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A Primer for The Costs Associated with Ocean Freight

If you are new to the transportation industry, you have likely encountered many unique terms and definitions.  Terms such as Bill of Lading, standard carrier alpha code (SCAC), freight class, and dimensional weight.  The list goes on.  There are several terms associated with ocean freight and specifically the cost components of shipping goods via ocean that are important to understand. Here’s a breakdown of the key components:

  1. Freight Charges: This is the basic cost of transporting goods from one port to another. It’s calculated based on the volume or weight of the cargo and is usually the largest component of ocean freight costs. Freight charges can vary depending on factors such as the shipping route, distance, and demand.
  1. Drayage: This is the cost of shipping via truck from origin to port and from port to final destination like a warehouse.
  1. Bunker Adjustment Factor (BAF): BAF accounts for fluctuations in fuel prices, which can significantly impact the overall cost of shipping. BAF is usually expressed as a percentage of the base freight rate and is adjusted periodically to reflect changes in fuel prices.
  1. Surcharges: Various surcharges may apply depending on specific circumstances or conditions. For example, a currency adjustment factor (CAF) accounts for fluctuations in exchange rates, while a peak season surcharge (PSS) may be applied during times of high demand. Other surcharges may include congestion surcharges, security surcharges, or port charges.
  1. Container Charges: If goods are shipped in containers, additional charges may apply for container rental, handling, and maintenance. Container charges can vary depending on the type and size of the container used, as well as any special requirements for temperature control or hazardous materials.
  1. Terminal Handling Charges (THC): THC covers the cost of loading and unloading cargo at the port terminals. These charges are typically imposed by the terminal operator and may vary depending on factors such as the type of cargo, handling equipment required, and terminal facilities.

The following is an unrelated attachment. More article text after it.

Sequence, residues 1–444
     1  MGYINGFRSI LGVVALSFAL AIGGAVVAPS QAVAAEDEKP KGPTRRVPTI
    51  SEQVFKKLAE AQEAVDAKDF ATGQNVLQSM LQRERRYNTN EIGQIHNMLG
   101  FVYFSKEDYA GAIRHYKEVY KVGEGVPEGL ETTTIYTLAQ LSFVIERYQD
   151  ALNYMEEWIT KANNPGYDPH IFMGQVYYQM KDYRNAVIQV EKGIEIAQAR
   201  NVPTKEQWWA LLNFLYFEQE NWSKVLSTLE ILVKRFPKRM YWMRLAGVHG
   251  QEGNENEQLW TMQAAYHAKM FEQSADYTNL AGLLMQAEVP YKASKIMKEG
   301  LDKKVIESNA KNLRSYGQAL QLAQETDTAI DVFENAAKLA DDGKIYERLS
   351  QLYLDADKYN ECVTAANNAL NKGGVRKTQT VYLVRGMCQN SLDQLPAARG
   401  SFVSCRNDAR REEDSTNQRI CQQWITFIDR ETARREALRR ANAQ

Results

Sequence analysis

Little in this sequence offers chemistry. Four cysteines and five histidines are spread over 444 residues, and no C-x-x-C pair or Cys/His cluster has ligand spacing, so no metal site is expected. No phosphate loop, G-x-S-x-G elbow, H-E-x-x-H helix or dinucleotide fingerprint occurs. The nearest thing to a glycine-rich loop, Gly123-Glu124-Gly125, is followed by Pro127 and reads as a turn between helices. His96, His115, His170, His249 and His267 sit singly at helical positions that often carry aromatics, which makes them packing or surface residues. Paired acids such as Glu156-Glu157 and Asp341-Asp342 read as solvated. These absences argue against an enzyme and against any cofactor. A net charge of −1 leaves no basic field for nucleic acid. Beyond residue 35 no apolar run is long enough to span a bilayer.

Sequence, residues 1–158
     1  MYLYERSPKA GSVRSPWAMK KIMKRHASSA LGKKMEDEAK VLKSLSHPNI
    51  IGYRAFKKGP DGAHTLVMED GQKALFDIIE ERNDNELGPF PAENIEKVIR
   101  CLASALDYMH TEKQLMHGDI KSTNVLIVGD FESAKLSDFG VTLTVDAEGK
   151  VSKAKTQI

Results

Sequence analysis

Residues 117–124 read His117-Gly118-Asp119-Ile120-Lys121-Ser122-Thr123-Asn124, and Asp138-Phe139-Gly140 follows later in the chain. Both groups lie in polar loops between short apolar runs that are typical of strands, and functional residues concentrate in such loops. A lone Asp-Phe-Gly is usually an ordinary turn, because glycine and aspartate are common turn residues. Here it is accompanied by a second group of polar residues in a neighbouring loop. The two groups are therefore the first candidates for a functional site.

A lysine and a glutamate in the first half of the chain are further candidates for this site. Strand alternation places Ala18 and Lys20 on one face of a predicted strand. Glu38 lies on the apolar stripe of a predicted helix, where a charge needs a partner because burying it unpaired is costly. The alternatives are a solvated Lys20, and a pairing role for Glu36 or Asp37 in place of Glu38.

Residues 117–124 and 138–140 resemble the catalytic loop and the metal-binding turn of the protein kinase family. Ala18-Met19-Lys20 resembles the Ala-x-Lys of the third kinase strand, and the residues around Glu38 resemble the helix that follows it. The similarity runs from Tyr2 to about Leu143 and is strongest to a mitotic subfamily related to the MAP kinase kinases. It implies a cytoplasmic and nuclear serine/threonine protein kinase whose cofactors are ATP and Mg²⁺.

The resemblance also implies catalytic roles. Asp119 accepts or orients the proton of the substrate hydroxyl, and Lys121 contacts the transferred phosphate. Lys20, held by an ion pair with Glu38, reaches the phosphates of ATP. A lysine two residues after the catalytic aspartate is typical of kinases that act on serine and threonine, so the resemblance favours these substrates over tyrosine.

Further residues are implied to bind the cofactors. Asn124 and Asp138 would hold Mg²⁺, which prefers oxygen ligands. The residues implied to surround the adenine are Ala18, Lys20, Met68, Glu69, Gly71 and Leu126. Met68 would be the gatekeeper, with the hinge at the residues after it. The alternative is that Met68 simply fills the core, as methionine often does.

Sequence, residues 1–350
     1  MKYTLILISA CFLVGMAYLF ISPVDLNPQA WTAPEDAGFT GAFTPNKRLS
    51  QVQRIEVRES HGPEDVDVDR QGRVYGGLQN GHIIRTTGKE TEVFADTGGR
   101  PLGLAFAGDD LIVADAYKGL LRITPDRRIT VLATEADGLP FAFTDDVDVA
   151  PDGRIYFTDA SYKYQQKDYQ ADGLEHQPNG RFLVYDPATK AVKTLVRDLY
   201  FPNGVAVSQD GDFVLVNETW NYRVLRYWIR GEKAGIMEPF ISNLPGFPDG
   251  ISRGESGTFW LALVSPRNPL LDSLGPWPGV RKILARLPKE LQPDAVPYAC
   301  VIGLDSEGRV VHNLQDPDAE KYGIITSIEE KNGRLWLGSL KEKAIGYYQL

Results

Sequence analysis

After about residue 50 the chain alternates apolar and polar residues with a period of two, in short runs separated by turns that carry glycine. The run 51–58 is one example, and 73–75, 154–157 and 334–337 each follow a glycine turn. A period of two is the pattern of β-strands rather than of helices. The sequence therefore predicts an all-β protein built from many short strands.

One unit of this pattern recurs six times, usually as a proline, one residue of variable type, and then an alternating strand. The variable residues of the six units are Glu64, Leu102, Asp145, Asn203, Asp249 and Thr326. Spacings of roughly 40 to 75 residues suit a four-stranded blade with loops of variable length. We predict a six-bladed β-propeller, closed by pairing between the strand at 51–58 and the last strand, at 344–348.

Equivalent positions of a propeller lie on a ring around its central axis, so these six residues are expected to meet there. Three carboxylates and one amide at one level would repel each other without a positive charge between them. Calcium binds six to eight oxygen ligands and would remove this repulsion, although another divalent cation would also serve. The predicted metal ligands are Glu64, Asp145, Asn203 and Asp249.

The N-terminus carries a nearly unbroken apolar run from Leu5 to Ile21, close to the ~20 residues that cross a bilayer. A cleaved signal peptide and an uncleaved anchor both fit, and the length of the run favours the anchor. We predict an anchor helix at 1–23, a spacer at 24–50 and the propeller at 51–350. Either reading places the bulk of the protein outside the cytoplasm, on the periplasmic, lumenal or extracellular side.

1. Documentation Fees: Shipping companies may charge fees for processing shipping documents, such as bills of lading, certificates of origin, or customs declarations. These fees cover administrative costs associated with preparing and processing the necessary paperwork for international shipments.
  1. Insurance Costs: While not directly included in ocean freight charges, insurance is essential for protecting goods against loss or damage during transit. Insurance costs can vary depending on the value of the cargo, shipping route, and coverage options selected.
  1. Port Charges and Taxes: Ports may levy various charges and taxes on incoming and outgoing cargo, including berthage fees, customs duties, and import/export taxes. These charges can vary significantly between different ports and countries and may have a significant impact on the overall cost of shipping.
  1. Transit Time: While not a direct cost, transit time is an important factor to consider when calculating the overall cost of ocean freight. Longer transit times may result in higher inventory carrying costs, increased risk of stockouts, and potential delays in receiving payments or fulfilling customer orders.

Understanding these components is essential for accurately estimating and managing the overall cost of shipping goods via ocean freight.
—Dave Wheeler, St. Onge Company

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